the sulfonate form, any oxygenation agent capable of
contributing oxygen to the reaction, is usable. Again
oxygen, preferably ordinary air, is preferred, although it
less sulfur-resistant catalysts can be employed. "If it is
desired to continue oxygenation of the lignite molecule
after the sulfur has been completely oxygenated to the
sulfonate form, any oxidation catalyst, including those
which have very low sulfur resistance can be used because
there is little if any chance that the sulfur of the sulfonate
requires a reaction time within the range of 6 to 30 hours,
group can convert the metal of the catalyst to an in
usually 24 hours, for complete conversion to the sulfonate
soluble sul?de. The amount of catalyst to be used will be
form. In order to shorten thereaction time, ozone, which
determined primarily by economic considerations, that is,
has a higher oxidation potential than ordinary oxygen, 10 the cost of the catalyst per se, the amount required to be
and is thought to have an oxidative catalytic power, can
be used. In such case, the reaction time is reduced to be
within the range of 2 to 6 hours under ordinary cir
cumstances.
used to obtain the desired reaction in a minimum of time,
etc. The amount used is not critical as long as enough is
present to speed up the reaction so that it will be com
pleted in the desired time. In the case of the sodium
From the foregoing it will be seen that the conversion 15 molybdate-ammonium meta-vanadate combination, the
of the thio-lignite to the disul?de can be accomplished
amount of sodium molybdate can be within the range of
with a broad class of oxidizing compounds or agents
1A0 to 5% of the weight of the original lignite and the
whereas the oxygenation reaction should proceed with
amount of ammonium meta-vanadate equal to approxi
oxygen contributing compounds preferably having an
oxidation potential equal to or higher than that of atmos
pheric oxygen.
While the oxygenation reaction proceeds in the absence
mately 1,40 to 1/2 the weight of the sodium molybdate.
20 An amount of cobalt within the range of that given above
for the sodium molybdate can be used. The same range
applies to other catalysts. However, it must be empha
sized (1) that the oxygenation reaction can proceed with
out a catalyst, (2) that the amount of catalyst used is
speed up the reaction and this is particularly helpful when 25 not important except excessive amounts are expensive and
ordinary oxygen or air is used. The catalyst should be
insu?icient amounts may not cause the reaction to be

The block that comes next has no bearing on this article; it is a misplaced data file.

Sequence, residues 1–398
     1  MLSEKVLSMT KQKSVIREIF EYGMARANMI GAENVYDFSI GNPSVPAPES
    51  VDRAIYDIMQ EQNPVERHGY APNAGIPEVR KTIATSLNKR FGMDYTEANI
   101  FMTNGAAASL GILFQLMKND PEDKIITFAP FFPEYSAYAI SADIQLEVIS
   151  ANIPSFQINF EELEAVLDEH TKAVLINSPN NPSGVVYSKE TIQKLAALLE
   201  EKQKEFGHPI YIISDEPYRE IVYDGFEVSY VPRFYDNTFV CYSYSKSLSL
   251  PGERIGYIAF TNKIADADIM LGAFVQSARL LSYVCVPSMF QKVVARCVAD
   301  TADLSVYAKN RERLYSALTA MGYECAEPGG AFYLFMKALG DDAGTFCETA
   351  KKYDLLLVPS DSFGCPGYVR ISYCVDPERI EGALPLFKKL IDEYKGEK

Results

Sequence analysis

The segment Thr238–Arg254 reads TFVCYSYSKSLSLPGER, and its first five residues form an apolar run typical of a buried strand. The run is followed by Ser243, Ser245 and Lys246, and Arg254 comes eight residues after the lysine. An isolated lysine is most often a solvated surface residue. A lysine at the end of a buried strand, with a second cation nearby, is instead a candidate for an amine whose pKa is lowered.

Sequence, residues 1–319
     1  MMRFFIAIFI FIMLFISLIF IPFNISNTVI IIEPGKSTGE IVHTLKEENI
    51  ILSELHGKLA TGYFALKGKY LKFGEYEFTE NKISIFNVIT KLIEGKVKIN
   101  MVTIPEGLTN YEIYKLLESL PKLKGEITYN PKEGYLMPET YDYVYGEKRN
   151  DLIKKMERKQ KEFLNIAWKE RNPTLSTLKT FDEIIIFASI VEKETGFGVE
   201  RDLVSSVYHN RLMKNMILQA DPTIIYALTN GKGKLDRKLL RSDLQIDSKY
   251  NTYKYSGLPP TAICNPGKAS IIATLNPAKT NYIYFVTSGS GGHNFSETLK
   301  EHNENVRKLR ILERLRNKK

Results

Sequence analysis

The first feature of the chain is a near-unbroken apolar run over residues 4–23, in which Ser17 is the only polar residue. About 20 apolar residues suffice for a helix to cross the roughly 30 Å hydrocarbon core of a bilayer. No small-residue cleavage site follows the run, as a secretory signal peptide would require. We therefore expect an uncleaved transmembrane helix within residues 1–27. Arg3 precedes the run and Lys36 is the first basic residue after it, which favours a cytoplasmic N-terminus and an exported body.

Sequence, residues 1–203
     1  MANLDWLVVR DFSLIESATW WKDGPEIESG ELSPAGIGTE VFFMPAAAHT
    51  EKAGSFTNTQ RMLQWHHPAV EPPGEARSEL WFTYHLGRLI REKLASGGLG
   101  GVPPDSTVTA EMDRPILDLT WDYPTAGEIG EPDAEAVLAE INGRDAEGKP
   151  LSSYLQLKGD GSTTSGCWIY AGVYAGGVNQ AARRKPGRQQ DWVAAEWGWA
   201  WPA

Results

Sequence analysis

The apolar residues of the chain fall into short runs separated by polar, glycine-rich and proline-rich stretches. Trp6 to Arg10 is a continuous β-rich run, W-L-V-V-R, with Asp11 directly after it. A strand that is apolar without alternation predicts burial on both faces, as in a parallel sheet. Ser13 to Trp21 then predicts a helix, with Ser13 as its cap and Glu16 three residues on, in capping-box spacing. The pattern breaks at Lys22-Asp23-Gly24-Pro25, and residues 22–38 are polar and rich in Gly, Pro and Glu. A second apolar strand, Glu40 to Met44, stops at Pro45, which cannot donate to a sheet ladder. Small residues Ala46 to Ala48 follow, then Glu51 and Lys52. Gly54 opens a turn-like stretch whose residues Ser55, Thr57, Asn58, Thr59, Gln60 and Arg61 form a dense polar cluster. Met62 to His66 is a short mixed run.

an oxygen-containing compound of a polyvalent metallic
completed in a desired time, and (3) the type of oxygena~
tion catalyst can be chosen from those known to the
element known to have more than one valence toward
prior art.
oxygen. For example, manganese may have valences of
2, 4, 6 or 7 while vanadium may have valences of 2, 3, 30 The oxygenation reaction can be carried out in various
manners. For example, it can be carried out in a series
4 or 5. It is desirable, but not absolutely essential, that
of a metal-based catalyst, particularly when ozone is used,
it is preferred to use a suitable metabbased catalyst to
the oxygen-containing compound of the polyvalent metal
lic element be capable of becoming the negative compo
of separate steps: (1) oxidation of the thiolignite to the
disul?de form, “(2) oxygenation of latter to the sulfoxide
form, (3) oxygenation of the sulfoxides to sul-fones and
nent of an alkali metal salt having at least a moderate
solubility in water over the alkaline pH range. For ex 35 ?nally (4) oxygenation of the sulfones to the sulfonate
form. Alternatively, oxygenation can be used through
ample, manganese dioxide is almost insoluble in neutral
out, e.g. thio-lignite can be converted to the disul?de
watery suspension but forms manganites, manganates, and
form by simple aeration in a very short time and this
' permanganates which are reasonably soluble in water.
can be followed by ozonation or catalyzed aeration or
Likewise vanadium may enter into the negative component
as ammonium or alkali meta-vanadates or as the alkali
oxygenation to convert the disul?de to any one of the
metal salts of vanadous acid and of the other acids with
vanadium in still other valence states. In addition to the
oxygen-containing compounds of vanadium and manga
succeeding oxygenated products. Also the catalyzed
nese, there can also be used the oxygen-containing com
pounds of copper, chromium, molybdenum, selenium,
tellurium, tungsten, cerium, arsenic, antimony, iron, cobalt
and nickel. Catalysts which are preferred, primarily for
economic reasons, are cobalt acetate and also manganese
aeration or the ozonation can start with the thio-lignite
and proceed to produce any one or more of the succeed
ing products. It is preferred that the oxygenation re
action be carried out with the lignite product in an aque
ous medium wherein it is intimately contacted with the
oxygenating agent. Catalyst, if used, can be added and
preferably should be added at least before the disul?de
is to be converted to one of the subsequent products.
sul?de-resistant catalysts such as alkali-metal molybdates, 50 Conversion of the thio-lignite to the disul?de ‘form oc
dioxide promoted with ammonium meta-vanadate, and
for example, these molybdate catalysts preferably being
curs so rapidly that a catalyst need not be ordinarily em
"promoted” by smaller amounts of vanadium compounds,
especially ammonium meta-vanadate. ‘In connection with
catalyst choice, it is known that certain catalysts, notably
ployed for such reaction.
The pressure at which the oxygenation reaction is